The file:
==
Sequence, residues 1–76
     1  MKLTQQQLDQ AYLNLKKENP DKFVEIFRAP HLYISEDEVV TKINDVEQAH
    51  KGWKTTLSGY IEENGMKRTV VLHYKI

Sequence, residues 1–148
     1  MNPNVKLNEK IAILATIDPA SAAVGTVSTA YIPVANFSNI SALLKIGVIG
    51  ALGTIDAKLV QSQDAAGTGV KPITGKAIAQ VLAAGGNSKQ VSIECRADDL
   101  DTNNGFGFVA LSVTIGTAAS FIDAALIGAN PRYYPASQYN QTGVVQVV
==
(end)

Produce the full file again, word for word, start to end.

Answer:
Sequence, residues 1–76
     1  MKLTQQQLDQ AYLNLKKENP DKFVEIFRAP HLYISEDEVV TKINDVEQAH
    51  KGWKTTLSGY IEENGMKRTV VLHYKI

Sequence, residues 1–148
     1  MNPNVKLNEK IAILATIDPA SAAVGTVSTA YIPVANFSNI SALLKIGVIG
    51  ALGTIDAKLV QSQDAAGTGV KPITGKAIAQ VLAAGGNSKQ VSIECRADDL
   101  DTNNGFGFVA LSVTIGTAAS FIDAALIGAN PRYYPASQYN QTGVVQVV